Next post: we wrap up NAIAS coverage with GM, Chrysler, and a hot Fiat girl (not quite as hot as the one from the Super Bowl commerical, though).

DEEEEE-TROIT! Part 3: Porsche/Audi/VW

You can never have too much chicken wire.

Nothing grabs your attention quite like a fire-engine-red RS5, with its gaping maw threatening to inhale everything in a fifty-foot arc in front of it.  This was the first time I had seen the RS5 at a show, though it has been available for some time.  It was worth the wait.

Audi also brought out the S6…

“Luscious” is the word you’re looking for.

…and for the common folk, the subtly but quite attractively facelifted 2013 A4 rotated quietly on a turntable.  Additionally, the A4’s fraternal twin, the 2013 Allroad, made its first auto show appearance.

Enthusiasts love the Allroad and clamored for its return to North America after it retreated to a Continent-only status after model year 2005.  Why?  Because it was a car that really could do just about anything you asked of it.  Cruise long distances in great comfort.  Raise the air suspension up and go off-road.  Tow.  Carry lots of gear and/or a large dog.  Even put on a somewhat respectable show on a racetrack.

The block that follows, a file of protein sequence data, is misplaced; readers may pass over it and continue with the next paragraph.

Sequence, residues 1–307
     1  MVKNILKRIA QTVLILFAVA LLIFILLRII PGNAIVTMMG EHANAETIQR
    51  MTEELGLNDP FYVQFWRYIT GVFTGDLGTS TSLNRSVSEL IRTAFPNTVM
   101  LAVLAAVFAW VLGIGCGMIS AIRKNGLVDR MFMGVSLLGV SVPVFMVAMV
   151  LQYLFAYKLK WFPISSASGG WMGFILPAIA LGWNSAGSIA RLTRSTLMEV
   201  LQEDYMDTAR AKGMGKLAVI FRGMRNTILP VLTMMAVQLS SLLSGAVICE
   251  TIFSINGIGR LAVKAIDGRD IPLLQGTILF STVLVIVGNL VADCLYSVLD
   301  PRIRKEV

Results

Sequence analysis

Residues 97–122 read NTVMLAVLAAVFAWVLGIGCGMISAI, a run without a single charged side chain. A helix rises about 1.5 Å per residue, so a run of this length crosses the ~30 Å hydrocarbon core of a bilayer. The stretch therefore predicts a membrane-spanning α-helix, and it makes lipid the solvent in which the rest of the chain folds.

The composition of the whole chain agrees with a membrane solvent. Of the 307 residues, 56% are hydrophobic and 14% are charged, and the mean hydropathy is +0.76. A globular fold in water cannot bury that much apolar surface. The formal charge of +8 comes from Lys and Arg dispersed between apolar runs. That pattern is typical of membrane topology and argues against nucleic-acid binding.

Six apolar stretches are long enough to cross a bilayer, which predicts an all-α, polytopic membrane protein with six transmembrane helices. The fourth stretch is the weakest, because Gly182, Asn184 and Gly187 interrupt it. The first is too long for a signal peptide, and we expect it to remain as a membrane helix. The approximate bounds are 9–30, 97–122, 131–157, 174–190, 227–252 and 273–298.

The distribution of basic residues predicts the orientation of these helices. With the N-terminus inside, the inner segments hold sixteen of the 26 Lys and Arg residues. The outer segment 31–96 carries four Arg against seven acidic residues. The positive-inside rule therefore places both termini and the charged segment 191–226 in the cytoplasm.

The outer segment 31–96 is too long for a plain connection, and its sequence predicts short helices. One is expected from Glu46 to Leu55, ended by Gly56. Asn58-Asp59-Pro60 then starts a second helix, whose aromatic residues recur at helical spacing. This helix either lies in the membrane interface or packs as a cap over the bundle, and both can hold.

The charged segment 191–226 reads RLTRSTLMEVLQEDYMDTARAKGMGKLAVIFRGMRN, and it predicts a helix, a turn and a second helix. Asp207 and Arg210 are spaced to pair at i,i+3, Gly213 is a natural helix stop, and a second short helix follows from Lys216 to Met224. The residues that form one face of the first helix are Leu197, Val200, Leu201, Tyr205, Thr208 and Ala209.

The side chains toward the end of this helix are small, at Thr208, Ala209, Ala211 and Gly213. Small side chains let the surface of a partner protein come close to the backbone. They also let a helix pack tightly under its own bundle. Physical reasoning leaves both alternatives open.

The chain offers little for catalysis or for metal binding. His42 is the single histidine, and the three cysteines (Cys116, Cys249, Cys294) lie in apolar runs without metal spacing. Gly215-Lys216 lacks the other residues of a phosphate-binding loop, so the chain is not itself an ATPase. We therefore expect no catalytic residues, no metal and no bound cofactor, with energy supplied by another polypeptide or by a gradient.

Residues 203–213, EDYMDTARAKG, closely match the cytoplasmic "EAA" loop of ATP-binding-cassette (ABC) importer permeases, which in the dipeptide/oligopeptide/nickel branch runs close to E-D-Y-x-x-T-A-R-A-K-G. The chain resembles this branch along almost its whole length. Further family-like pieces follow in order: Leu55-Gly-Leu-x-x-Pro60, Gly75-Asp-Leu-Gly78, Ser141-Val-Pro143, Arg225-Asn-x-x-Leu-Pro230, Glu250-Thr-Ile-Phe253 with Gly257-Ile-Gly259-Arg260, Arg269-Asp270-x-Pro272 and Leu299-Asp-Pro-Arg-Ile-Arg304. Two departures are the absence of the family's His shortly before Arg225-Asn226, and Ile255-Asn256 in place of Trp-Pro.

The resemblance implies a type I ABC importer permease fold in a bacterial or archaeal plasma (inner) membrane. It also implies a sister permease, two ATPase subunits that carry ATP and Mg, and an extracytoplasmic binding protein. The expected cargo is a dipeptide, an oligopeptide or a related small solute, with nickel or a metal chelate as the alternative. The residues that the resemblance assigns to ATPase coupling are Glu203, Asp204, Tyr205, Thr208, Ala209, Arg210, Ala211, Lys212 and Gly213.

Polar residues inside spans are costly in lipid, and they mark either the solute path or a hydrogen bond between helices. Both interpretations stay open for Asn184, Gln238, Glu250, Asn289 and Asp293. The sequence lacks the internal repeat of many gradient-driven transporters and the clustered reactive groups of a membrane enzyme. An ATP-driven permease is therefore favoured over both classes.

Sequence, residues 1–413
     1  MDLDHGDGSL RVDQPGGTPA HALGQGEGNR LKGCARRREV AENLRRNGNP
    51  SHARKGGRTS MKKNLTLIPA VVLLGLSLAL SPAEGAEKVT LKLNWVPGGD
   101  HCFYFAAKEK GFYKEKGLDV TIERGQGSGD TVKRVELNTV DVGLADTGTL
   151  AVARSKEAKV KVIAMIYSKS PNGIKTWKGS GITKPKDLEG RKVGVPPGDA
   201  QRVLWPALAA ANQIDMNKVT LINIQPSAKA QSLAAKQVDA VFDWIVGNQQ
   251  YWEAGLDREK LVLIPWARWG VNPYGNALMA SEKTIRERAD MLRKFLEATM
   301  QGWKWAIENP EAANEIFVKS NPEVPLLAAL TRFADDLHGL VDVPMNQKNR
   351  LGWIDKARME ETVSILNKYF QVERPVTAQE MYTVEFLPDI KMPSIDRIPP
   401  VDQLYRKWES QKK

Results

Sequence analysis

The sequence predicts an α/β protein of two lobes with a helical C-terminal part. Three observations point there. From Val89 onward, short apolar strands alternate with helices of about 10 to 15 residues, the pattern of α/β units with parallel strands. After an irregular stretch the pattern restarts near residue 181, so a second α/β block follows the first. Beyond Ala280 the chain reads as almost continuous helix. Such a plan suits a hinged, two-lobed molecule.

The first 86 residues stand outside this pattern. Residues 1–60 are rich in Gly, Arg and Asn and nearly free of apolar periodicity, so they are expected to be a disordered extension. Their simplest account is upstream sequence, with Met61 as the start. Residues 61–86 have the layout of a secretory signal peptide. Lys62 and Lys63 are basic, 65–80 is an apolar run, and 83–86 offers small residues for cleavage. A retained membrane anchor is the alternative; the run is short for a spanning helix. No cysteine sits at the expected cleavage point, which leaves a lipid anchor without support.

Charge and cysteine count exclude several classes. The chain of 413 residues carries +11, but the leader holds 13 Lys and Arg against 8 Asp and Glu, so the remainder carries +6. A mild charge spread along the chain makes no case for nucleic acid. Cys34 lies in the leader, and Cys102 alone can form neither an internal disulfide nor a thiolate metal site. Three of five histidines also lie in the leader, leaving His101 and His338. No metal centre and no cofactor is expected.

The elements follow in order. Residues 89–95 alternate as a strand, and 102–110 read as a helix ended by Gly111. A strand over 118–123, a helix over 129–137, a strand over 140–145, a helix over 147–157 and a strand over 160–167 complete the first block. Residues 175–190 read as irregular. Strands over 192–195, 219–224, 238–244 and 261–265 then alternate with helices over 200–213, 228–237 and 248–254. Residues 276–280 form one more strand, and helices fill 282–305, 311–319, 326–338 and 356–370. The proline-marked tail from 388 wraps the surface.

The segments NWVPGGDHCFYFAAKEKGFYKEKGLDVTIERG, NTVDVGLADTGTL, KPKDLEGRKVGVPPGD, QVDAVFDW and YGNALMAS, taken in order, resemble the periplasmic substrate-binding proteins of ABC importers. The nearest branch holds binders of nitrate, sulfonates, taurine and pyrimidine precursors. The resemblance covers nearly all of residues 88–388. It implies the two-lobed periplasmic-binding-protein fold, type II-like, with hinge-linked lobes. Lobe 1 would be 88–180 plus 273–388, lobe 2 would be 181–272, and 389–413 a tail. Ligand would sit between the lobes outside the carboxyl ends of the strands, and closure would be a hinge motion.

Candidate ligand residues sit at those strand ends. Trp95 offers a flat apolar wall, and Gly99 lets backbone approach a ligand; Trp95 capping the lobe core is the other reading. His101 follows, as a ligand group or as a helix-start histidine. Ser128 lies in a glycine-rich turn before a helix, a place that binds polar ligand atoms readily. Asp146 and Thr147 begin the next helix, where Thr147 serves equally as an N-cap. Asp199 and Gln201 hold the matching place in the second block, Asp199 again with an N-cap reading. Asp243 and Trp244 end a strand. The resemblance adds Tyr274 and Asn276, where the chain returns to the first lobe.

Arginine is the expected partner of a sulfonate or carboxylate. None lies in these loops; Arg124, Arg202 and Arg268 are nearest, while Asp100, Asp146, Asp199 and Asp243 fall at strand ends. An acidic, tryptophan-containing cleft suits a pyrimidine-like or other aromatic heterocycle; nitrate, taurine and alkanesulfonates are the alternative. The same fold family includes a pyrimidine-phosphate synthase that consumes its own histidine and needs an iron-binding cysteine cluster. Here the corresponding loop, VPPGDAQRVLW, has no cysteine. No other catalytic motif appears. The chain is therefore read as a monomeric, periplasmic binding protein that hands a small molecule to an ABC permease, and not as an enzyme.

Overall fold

However, I’m a little wary of this new Allroad because it’s slightly smaller than its predecessor (A4 rather than A6 platform) and is available ONLY with the ubiquitous VW 2.0T–back in the day, you could get a 4.2L V8 in these things.  The smaller size and lesser power rating together mean that this car isn’t really as capable as the old one.

Why is this the case?  Well, I’m certain Audi did not want to see a niche-market wagon snaking sales out from under the premium cash-cow Q5s and Q7s.  Remember too that the VW Auto Group now wants to be the #1 automaker in the world, and if that means sacrificing a little of some brands’ old legends in the name of higher sales numbers, so be it.  So while I’m happy to see the Allroad return, I’m disappointed that it does so in something of an underwhelming fashion.  Perhaps in the future the legend will truly return in the form of a more powerful engine on the option sheet.

Meanwhile, over at VW…